WASHINGTON (Reuters) - The new H1N1 flu virus appears to be fairly widespread in the United States and seems to be hitting mostly younger people, with very few cases reported in people over 50, U.S. health officials said on Sunday.
“We think very few of the cases we have confirmed are in people over 50,” the U.S. Centers for Disease Control and Prevention’s Dr Anne Schuchat told reporters in a telephone briefing. “Whether this will pan out over the weeks ahead we don’t know.”
The CDC reported 226 cases of the new H1N1 swine flu virus and one death in 30 states. The CDC previously had confirmed 160 cases in 21 states.
Mexican officials say they believe the outbreak there is starting to ease, although they are still trying to get a full picture of just how far the disease has spread.
Schuchat said the virus is fairly widespread in the United States, meaning that most states have reported cases. New York has the most cases with 63, many linked to a school in the New York City borough of Queens. Texas has 40 cases.
U.S. health officials said they were encouraged by signs in Mexico that the number of cases are leveling off and that there was only one death in the United States -- a toddler visiting from Mexico.
Most cases in the United States have been reported to be mild. But 30 people, mostly older children and young adults, have been hospitalized with the disease, U.S. officials said.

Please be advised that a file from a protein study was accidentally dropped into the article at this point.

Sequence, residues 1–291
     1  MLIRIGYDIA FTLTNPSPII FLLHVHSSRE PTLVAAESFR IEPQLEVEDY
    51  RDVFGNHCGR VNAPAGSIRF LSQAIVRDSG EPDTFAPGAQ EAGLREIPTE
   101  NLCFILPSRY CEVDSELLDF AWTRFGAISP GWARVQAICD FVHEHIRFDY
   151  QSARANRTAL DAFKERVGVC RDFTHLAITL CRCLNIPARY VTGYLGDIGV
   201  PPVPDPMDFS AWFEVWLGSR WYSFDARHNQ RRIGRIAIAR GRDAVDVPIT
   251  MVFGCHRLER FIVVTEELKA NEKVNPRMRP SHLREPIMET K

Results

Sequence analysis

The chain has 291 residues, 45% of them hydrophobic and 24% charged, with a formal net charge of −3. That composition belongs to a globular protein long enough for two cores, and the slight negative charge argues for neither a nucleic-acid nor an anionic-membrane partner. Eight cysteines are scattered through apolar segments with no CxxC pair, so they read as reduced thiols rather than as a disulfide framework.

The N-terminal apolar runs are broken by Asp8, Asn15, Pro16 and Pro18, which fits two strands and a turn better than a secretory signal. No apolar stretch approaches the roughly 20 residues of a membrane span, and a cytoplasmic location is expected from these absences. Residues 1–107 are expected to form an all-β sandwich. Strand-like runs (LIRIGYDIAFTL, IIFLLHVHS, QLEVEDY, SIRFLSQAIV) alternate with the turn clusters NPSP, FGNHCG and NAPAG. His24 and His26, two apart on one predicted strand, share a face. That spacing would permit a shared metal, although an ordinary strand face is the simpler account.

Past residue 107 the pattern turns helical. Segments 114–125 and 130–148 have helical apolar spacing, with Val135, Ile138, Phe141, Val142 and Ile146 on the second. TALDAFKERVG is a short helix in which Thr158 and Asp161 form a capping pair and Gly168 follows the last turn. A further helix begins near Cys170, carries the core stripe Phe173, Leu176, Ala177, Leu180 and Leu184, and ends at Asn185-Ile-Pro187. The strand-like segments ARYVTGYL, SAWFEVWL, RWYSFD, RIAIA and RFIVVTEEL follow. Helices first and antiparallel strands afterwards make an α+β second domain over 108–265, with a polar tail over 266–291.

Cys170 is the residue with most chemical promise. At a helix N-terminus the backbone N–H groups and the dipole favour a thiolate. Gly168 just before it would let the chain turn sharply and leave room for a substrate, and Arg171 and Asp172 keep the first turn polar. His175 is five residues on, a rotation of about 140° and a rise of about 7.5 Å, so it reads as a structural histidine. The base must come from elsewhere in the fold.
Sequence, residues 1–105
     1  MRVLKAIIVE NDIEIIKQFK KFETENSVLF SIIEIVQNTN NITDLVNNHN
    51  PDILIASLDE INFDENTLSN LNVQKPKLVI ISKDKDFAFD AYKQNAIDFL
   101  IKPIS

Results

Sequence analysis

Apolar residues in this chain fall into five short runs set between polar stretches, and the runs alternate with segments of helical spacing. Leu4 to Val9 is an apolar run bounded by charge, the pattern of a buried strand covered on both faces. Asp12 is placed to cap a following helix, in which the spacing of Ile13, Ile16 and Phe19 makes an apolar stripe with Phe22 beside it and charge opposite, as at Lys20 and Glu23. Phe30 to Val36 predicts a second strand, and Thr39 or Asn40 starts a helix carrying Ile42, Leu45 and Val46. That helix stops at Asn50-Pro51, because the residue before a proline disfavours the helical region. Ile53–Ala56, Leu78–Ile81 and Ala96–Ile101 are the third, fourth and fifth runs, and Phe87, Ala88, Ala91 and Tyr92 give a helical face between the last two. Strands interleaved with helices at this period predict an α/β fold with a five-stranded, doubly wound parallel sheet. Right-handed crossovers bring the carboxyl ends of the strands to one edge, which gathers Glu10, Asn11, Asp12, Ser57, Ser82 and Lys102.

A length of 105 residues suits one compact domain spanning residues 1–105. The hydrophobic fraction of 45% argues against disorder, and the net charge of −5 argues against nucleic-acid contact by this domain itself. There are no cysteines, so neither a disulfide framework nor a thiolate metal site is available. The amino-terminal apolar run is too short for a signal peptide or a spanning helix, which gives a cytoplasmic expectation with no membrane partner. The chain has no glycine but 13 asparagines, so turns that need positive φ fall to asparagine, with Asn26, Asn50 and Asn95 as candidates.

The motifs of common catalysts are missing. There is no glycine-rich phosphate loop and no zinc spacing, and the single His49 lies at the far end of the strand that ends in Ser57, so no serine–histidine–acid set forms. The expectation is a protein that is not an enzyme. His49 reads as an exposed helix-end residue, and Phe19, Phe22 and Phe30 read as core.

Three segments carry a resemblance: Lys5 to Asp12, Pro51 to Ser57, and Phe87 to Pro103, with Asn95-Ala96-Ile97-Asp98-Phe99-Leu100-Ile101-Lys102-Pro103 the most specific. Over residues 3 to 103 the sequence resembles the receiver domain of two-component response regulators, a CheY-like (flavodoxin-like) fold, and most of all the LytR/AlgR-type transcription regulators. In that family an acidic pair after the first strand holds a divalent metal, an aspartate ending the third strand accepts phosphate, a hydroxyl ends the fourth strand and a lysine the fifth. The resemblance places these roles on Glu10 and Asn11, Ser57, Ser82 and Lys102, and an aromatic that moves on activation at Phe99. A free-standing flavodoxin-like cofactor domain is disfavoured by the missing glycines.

Schuchat said that with seasonal flu, the elderly and very young are most likely to be sick enough to be hospitalized -- 200,000 a year on average.
“I don’t think we are out of the woods yet,” Schuchat said. “From what I know of influenza, I do know there will be more cases, more severe cases and more deaths.”
Health and Human Services Secretary Kathleen Sebelius said on Sunday that flu vaccines for both the new strain of the H1N1 virus and the seasonal flu should be ready by autumn.
She told NBC’s “Meet the Press” that the government is accelerating production of a vaccine against the seasonal flu, which is expected to infect millions of Americans, and is beginning laboratory work on the new H1N1 virus.
Companies already are making the vaccine for the autumn months with a mixture of three influenza viruses that was chosen this year before the new strain broke out.
They have a number of choices -- leaving the new strain out of the mix altogether, replacing the current H1N1 component with the new H1N1 strain, or making it a so-called quadrivalent vaccine that includes the new swine H1N1, the circulating seasonal H1N1, the H3N2 component and the influenza B strain.
It takes months to formulate influenza vaccines and they must be made fresh every ear, with new strains of the constantly mutating virus.
Additional reporting by Maggie Fox, David Morgan and Will Dunham; Editing by Eric Beech